May 24, 2017
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The Amazing Evolution of the Web on Mobile

Max Lynch


Last week I was fortunate enough to speak at the latest PhoneGap Day EU in Amsterdam, one of my favorite conferences due to the intimate feeling, access to Cordova/PhoneGap core contributors, and the wonderful city of Amsterdam.

This time around, I talked about practical performance techniques for building native quality web apps (slides here). Before getting into the discussion around current web APIs related to performance, I talked a bit about the history of web-on-mobile, and how quickly things have changed in the last few years alone.

Timeline of generally-available Web APIs and browsers on mobile. Not an exhaustive list!

Take a look at this slide and let it sink in a bit. Remember the great Facebook HTML5 debacle of 2012, when hybrid apps and thus PhoneGap/Cordova were surely a dead approach? Notice how few APIs were available then, and think of how many people developed the opinion that hybrid apps weren’t good enough during this time period.

In 2013, the year we started working on Ionic and the start of what I consider generation 2 of web-on-mobile, we had this nagging feeling that the opinion that the web would only create clunky shells of native apps was incredibly wrong. We knew that mobile web performance could reach native levels, and developers would continue to try making web technologies work on mobile and be passionate about the stack. We also believed there was a large business opportunity in caring about these developers and making them more productive.

Thankfully, with the release of the iPhone 5 and iOS 6/7, and new generations of Android at the time, we finally had practical means of getting to this goal. First, we had GPU accelerated CSS transformations which helped create smooth transitions. Second, requestAnimationFrame allowed us to work better with the browser’s rendering engine to create smooth animations even during gestures. And third, modern phones were finally fast enough to handle interactive transitions and animations assuming they were built properly.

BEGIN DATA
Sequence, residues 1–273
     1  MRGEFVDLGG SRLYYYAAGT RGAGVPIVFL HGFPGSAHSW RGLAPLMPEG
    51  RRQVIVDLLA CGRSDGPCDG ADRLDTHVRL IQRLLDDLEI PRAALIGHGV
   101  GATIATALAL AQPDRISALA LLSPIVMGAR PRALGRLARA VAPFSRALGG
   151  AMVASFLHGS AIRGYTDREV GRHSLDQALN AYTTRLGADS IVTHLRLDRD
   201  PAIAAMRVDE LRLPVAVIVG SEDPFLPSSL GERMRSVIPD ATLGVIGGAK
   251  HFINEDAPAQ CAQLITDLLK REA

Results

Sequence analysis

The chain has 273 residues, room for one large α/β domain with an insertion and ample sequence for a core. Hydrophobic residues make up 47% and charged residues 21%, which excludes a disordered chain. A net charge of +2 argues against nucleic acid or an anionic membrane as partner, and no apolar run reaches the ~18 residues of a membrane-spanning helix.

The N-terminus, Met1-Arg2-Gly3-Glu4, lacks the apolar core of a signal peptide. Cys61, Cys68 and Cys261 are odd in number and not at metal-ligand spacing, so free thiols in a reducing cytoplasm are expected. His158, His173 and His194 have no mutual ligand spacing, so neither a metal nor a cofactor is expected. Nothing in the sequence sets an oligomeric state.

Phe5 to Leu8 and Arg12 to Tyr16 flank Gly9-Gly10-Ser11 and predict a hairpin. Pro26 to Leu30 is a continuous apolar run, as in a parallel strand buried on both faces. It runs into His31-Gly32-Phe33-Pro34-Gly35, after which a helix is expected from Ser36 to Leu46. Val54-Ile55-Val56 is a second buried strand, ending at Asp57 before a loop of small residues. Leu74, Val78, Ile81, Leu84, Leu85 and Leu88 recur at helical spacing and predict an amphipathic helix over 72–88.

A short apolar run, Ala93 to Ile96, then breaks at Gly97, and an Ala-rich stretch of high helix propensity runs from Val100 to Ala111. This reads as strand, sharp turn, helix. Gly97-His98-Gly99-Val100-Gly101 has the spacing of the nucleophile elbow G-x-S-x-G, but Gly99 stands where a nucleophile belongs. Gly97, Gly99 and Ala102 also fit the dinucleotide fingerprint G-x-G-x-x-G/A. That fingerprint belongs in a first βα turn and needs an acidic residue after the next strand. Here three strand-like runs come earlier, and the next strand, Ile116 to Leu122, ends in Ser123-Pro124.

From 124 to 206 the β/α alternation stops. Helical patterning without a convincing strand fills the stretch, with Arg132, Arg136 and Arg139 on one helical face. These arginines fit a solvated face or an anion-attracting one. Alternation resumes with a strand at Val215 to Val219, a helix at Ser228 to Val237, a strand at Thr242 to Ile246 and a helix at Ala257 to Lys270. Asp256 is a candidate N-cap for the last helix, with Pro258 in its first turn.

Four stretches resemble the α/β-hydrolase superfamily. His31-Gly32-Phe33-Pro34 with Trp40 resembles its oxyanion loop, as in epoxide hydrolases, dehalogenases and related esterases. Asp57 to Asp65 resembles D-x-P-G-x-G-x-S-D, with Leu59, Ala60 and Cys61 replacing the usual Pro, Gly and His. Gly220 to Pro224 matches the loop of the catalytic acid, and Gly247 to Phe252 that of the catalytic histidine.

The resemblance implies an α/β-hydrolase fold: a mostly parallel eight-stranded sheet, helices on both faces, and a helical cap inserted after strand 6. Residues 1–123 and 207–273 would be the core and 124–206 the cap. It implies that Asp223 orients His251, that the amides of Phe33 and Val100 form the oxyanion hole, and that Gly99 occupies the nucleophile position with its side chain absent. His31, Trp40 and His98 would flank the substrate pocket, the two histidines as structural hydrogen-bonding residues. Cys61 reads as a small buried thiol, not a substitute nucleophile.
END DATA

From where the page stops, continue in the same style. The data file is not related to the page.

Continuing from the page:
With GPU accelerated transformations and requestAnimationFrame, we were able to build the first versions of Ionic that went on to power popular social network apps and mission-critical enterprise apps. The web stack was clearly ready, but we couldn’t imagine where it would go next.

The only constant is change

I remember a discussion I had with another startup founder in this space a few years ago, and he was very skeptical that relying on browser vendors to improve the browser stack on mobile was a good idea. I didn’t agree, and today I feel incredibly validated seeing the roll out of major new Web APIs and mobile browser. Plus, the pace of new APIs hitting iOS even continues to be strong, countering a popular fear that Apple will de-prioritize web technologies.

There are so many new techniques and tools available to web developers today to build faster apps, and once we incorporate all of these into our apps and frameworks, we’re going to be building better, faster apps.

One of the reasons we felt compelled to rebuild Ionic was to incorporate new performance techniques that we weren’t able to or didn’t know about yet, like DOM batching. Using Ionic today, and frameworks like it, helps developers get access to these new performance APIs and techniques without having to use them at a low level, making better performance more ubiquitous.


Every day I’m more excited about the future of the web stack. I feel validated focusing 100% on it, and sticking with it even when it seemed destined to fall behind native SDKs.

By believing in the web and continuing to invest in it, we will be able to build better apps more quickly and work with the millions of web developers around the world who have used this technology for decades. That seems like a pretty awesome future to me.

Now Back to work!

Max Lynch